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Part-Time Employee Overnight California

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  • Part-Time Employee Overnight California

    So here's the situation, best I can tell the business is doing everything legally, but it still just comes off wrong as for how some of the people that work for me are treated.

    Work for a smaller non-profit, and I direct overnight programs for groups, like Boy Scouts and such. I have several college-age employees that serve as overnight counselors/supervisors/instructors for these group, and I want to make sure that how our employer treats these non-exempt employees is ok.

    The events happen on a Friday or Saturday night, and generally 2 counselors work per event. The 2 counselors arrive generally at 6pm, and the event last until 10:30am the next morning. So the counselors clock in at 6pm, and both work until the group goes to sleep, usually about 1am. Then, 1 counselor is instructed to clock out and go home, and to be back at work at 7am the next morning to work until the group is finished at 10:30am. The other counselor is required to stay the whole time, but is allowed to sleep as long as the group is asleep. The counselor still on-duty is paid for the entire time, even while asleep.

    So best I can tell, there are 2 bigger issues.

    The first is the workday. The employer has defined that the workday begins/ends at midnight everyday. They have been consistent with this, and always do that accounting for a workday beginning and ending at midnight. From my reading, it seems this is 100% legal under California law, as long as it is always midnight, even though for 1 counselor it means 14 hours of regular pay and 2.5 hours of overtime pay for a 16.5 hour shift worked straight through (meal breaks seem ok from my reading for the law, so I'm ignoring them). Am I looking at this correctly, that the accounting method is 100% legal, even if I do feel it's unethical? The employer's justification for the "it doesn't seem right" argument I posed is that the counselor on duty for the whole event gets paid for sleeping, so it's ok that they don't get overtime for that. Even though the counselor on duty doesn't always get to sleep, as the groups often don't sleep and any single person awake means the counselor must be awake as well.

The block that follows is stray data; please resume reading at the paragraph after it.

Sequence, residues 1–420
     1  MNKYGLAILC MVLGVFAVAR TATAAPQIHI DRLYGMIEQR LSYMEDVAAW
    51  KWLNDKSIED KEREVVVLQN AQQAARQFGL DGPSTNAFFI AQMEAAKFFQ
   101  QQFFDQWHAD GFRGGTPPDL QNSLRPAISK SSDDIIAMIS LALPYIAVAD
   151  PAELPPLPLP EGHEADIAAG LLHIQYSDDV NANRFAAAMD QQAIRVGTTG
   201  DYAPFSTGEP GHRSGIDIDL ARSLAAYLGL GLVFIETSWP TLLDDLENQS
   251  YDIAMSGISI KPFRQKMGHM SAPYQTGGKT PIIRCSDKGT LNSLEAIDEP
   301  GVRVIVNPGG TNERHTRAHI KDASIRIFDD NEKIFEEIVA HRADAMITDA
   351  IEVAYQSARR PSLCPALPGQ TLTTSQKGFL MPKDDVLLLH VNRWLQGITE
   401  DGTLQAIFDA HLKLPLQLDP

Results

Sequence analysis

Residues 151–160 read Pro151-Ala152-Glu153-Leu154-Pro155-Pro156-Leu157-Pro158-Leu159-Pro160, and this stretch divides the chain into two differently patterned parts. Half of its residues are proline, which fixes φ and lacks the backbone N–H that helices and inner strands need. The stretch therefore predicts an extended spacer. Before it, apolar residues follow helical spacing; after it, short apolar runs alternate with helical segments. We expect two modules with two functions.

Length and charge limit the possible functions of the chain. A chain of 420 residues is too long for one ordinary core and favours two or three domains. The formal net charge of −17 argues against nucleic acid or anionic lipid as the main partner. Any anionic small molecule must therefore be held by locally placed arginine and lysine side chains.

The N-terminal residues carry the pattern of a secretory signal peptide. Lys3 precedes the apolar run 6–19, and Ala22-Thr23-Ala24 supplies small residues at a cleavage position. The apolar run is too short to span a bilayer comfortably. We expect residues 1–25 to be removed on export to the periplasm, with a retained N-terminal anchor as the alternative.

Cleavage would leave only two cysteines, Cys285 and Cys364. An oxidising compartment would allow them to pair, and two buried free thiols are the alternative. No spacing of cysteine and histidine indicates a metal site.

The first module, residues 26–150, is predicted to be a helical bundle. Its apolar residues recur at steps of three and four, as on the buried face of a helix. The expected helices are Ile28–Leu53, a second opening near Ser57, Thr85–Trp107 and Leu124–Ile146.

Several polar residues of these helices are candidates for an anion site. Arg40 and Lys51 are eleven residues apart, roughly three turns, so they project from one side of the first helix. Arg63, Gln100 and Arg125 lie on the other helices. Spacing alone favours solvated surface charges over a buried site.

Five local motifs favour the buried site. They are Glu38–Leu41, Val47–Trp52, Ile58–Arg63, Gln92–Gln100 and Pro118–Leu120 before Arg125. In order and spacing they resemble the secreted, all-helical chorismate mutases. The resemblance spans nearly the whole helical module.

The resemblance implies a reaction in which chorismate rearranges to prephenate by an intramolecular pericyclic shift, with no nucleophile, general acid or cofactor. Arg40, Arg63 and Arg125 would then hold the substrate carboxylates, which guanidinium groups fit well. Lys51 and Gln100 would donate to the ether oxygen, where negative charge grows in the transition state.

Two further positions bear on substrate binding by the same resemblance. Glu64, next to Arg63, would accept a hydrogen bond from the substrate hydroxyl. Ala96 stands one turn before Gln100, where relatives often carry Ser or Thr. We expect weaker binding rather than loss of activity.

The second issue, for me, is the split shift. Originally, both counselors were required to stay the whole night. To cut costs, the employer has decided that only one can stay the whole night, and the other must take the split shift, which is really crappy hours and very little sleep at home. Best I can tell, since the pay is more than minimum wage (barely, and through no fault of my own, I love my counselors and they deserve a lot more than management gives them) and the 2nd reporting is still quite sizable, there is nothing illegal or wrong about that situation either.

    So best I can tell, there's nothing illegal happening. I just there was something I could do for these employees that work for me, because they get the short end of the stick. They get paid less per hour than daytime counselors who have fewer responsibilities, and the split shift means they often get fewer hours (and crappy hours at that) than the daytime counselors per week.

    I know another big issue is meal and rest breaks, but I personally make sure those get taken care of, so I excluded those points from this post.